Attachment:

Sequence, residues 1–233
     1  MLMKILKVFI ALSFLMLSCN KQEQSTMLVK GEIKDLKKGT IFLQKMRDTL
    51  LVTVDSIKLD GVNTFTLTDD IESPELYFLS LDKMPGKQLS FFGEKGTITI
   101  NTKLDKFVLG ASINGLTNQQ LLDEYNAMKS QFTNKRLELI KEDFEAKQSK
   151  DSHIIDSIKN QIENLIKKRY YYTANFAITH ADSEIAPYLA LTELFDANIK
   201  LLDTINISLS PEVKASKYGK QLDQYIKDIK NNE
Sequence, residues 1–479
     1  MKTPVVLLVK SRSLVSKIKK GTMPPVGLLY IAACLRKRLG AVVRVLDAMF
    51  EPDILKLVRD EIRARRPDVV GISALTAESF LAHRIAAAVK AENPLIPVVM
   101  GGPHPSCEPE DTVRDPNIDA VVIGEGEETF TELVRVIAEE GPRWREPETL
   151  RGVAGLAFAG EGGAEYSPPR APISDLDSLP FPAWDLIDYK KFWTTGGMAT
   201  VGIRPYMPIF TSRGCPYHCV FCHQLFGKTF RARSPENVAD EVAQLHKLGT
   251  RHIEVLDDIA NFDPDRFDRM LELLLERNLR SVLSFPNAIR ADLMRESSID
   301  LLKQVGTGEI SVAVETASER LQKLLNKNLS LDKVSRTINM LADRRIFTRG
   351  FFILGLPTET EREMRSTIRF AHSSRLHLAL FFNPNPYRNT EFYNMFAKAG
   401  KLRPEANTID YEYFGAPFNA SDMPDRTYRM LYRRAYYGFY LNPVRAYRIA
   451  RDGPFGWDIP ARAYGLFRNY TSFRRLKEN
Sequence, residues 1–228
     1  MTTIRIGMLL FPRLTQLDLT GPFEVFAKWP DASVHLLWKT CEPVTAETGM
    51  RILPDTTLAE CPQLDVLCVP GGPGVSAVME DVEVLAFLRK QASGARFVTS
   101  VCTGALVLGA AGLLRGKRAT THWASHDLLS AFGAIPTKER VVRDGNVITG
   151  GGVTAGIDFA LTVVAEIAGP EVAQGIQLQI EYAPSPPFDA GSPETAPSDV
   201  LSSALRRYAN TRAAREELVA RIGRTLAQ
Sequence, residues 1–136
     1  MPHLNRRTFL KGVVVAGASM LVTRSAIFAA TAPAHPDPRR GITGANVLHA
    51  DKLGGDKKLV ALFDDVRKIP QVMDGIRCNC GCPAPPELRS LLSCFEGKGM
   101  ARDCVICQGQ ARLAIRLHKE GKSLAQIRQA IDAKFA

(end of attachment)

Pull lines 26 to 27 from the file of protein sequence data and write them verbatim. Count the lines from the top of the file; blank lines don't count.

    51  DKLGGDKKLV ALFDDVRKIP QVMDGIRCNC GCPAPPELRS LLSCFEGKGM
   101  ARDCVICQGQ ARLAIRLHKE GKSLAQIRQA IDAKFA